Below is a book review / essay on the ideas in the book Good Capitalism, Bad Capitalism, and the Economics of Growth and Prosperity by Baumol, Litan, and Schramm, in which the authors argue that “entrepreneurial capitalism” is crucial for economic growth. Other books were consulted but it’s difficult to paste footnotes into a blog post, so if you want all citations, email me.
Economic growth is desirable for all countries because it improves the material standard of living and spawns moral benefits, i.e. it “fosters greater opportunity, tolerance of diversity, social mobility, commitment to fairness, and dedication to democracy.” Of the various causes of economic growth, I believe one value is paramount: entrepreneurship. William Baumol, Robert Litan, and Carl Schramm call the importance of this value “entrepreneurial capitalism,” which is when small firms play a significant role in an economy. Countries which prize entrepreneurship make it easy to start a business by minimizing bureaucratic roadblocks. These economies also have cultures conducive to entrepreneurial thinking; they adopt entrepreneurship as a local value. I will briefly explore how the U.S. and China embrace this to different extents – and how Japan and Western Europe do not.
Whether by design or by necessity, Beijing has decentralized economic and political decision-making to the provincial and municipal governments, which in turn have used their expanded freedom to engage in productive ventures…Chinese officials have tolerated the formation of countless numbers of other entrepreneurial ventures that have sprung up largely in the eastern, richer half of China, and by at least one measure, small- and medium-sized enterprises by 2003 accounted for half of the economy’s GDP.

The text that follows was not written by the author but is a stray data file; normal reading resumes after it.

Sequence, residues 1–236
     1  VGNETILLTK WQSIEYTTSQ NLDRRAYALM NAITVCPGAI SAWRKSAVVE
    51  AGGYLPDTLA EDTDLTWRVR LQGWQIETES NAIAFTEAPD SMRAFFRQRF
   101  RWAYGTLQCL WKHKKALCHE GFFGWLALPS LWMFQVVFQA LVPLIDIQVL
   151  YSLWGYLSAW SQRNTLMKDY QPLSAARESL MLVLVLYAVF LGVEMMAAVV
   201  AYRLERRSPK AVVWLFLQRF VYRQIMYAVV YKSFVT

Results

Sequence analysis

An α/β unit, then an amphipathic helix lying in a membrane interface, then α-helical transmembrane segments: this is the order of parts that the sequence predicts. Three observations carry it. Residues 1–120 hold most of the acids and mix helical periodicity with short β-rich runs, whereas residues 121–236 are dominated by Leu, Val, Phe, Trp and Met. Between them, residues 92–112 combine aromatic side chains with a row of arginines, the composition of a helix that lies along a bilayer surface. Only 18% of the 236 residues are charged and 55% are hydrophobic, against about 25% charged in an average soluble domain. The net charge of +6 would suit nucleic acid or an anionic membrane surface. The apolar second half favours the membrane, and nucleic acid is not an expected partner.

To be sure, government regulatory infrastructure there is not yet mature. A basic legal framework to protect inventions hardly exists. Corruption and other institutional failings plague the entrepreneur. Still, China’s amazing economic prosperity the past decade can in part be attributed to the rise of entrepreneurial capitalism; they ditched state-run banks for private ones, for example, and made it on average 13 days quicker per person to start a business.
Why the slow growth?
First, both regions are defined by dominant big firms, with small, innovative firms either not being started or not scaling to any meaningful size. Consequently, Western Europe lacks much “creative destruction”: of the twenty five of the largest companies in 1998, all twenty five were already large in 1960. Contrast this to the US, where eight of the top twenty five companies did not exist or were very small in 1960. When there’s not turnover, there is not enough destruction and creation and entrepreneurial dynamism. In Japan, it is difficult to identify any new company which has emerged of late; behemoths like Sony, Panasonic, and Toyota still dominate.
Second, entrepreneurial capitalism requires capitalism itself. But capitalism is not a given in some places in Western Europe. A survey of 22 countries reported that only France’s residents did not believe the “free market economy” was the best economic system. Capitalism also necessitates the free movement of labor, but both Western Europe and Japan restrict their labor market so that hiring and firing employees is exceedingly difficult. Some countries mandate 35 hour work weeks.
Third, economist Edmund Phelps has argued that Western Europe’s slow economic growth could be because of a lack of entrepreneurial culture. Culture is essential for entrepreneurial attitudes. Yet “culture” is nebulous – it is hard to pinpoint how mores become entrenched, and how one goes about changing them. To start, it seems obvious that no matter how much a country talks about shaping the hearts and minds of the next generation with a flair for entrepreneurship, in the end government policy and regulation matter most. The brightest entrepreneurial spirit will still be quashed by onerous government regulation or a capital markets system which disadvantages the small business looking for a loan or a labor market which prevents the hiring and firing of the best talent. It seems that the most important commitment places like Japan or Western Europe can make at this point is to align official government policy with its entrepreneurial aspirations, assuming they have them.
In summary, Japan and Western Europe need to move toward entrepreneurial capitalism if they’re to remain competitive against rising Asian powers.